Pumpkin-flavored foods are all around this time of year. Pumpkin spice latte, pumpkin muffins, and pumpkin bread are just a few of the mouth-watering choices at popular cafes, but they have the calories and sugar you might expect given their decadent tastes.
With a few swaps, you can make these treats healthier or get the same flavors in a similar, but healthier, form. That way, you can enjoy your pumpkin-flavored fall treats while sticking to your healthy intentions!
Pumpkin Spice Latte
Some people wait year-round for pumpkin-flavored lattes to make their annual debut in early autumn, but is each one really worth 400 calories and 50 grams of sugar? You can cut calories and sugar by ordering the smallest size with unsweetened almond milk instead of whole milk, skipping the whipped cream, and asking for only one pump of syrup. Or, you can make your own with regular or decaf coffee, canned pumpkin, unsweetened almond milk, pumpkin pie spice, and natural low-calorie sweetener such as stevia or monk fruit.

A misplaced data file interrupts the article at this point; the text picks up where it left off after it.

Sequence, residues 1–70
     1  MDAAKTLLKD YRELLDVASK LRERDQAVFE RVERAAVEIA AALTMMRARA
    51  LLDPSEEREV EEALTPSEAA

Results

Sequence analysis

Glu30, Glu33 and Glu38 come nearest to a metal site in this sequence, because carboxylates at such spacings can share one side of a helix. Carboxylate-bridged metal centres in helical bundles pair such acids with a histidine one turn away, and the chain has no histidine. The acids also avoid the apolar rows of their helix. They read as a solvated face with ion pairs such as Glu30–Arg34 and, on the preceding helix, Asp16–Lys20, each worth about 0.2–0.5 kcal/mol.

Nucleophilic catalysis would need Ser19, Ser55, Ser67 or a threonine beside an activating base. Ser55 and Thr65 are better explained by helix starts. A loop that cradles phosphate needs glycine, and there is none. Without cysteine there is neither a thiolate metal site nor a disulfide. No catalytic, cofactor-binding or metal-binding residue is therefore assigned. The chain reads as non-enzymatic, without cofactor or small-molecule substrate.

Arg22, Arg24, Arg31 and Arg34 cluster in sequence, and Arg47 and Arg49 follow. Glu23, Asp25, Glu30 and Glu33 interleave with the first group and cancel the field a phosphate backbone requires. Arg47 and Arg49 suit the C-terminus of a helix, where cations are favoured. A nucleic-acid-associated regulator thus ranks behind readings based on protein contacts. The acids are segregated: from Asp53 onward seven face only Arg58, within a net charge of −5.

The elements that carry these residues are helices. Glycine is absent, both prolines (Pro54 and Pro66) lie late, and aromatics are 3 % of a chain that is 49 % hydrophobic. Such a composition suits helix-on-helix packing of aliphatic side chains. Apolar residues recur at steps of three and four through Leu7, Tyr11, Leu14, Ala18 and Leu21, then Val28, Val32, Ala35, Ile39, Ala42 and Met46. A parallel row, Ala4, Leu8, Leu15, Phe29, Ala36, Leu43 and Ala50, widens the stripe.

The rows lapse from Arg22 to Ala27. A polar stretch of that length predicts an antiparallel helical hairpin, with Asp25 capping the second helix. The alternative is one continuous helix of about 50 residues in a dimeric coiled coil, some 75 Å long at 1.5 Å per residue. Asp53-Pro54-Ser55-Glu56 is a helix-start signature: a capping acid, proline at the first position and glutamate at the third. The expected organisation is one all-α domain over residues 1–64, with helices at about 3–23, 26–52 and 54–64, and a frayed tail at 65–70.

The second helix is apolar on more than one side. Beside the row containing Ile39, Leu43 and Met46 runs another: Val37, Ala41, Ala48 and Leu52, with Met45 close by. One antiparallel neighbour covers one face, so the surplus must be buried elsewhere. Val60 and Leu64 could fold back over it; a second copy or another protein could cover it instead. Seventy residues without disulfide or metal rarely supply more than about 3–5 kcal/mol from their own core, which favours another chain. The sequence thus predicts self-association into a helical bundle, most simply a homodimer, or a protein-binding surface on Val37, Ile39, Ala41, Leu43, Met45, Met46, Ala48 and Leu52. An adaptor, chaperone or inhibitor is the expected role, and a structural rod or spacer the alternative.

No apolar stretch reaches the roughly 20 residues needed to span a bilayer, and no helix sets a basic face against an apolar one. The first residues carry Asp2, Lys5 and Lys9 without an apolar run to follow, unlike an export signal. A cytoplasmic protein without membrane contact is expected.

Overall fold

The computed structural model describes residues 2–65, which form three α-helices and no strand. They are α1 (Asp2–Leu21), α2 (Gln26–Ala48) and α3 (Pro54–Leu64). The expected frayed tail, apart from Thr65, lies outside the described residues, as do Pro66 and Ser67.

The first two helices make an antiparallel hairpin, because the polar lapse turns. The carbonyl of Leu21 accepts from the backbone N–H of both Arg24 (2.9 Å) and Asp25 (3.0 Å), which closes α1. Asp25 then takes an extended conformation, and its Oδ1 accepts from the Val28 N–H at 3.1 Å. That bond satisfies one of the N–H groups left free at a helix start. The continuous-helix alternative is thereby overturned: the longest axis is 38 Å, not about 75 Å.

Pumpkin bread is a lot less healthy than it sounds when you consider that it has more sugar, flour, and fat than pumpkin. Make a few swaps, though, and you can change it into a high-fiber, low-guilt treat. Just swap half the white flour for whole-wheat, use yogurt instead of oil, and swap the sugar for a low-calorie alternative. Or, cut the sugar in half and use honey instead, while adding walnuts or pecans.
Muffins are among the sneakiest high-calorie breakfast foods around because they often seem healthy, with words such as “blueberry” and “bran” in the name. Pumpkin muffins fit the trend, as a single one can have over 500 calories, 70 grams of carbohydrates, and 35 grams of sugar.
Healthier pumpkin bread, as described above, is one option, and you can make it in muffin cups if you prefer. Another way to get your freshly prepared pumpkin fix for breakfast is to make pumpkin pie oatmeal. Just make regular or steel-cut oatmeal your favorite way, such as with water, milk, or almond milk. Then add pumpkin and cinnamon, and top with walnuts or pecans. Your breakfast is packed with healthy fats, fiber, and antioxidants!Author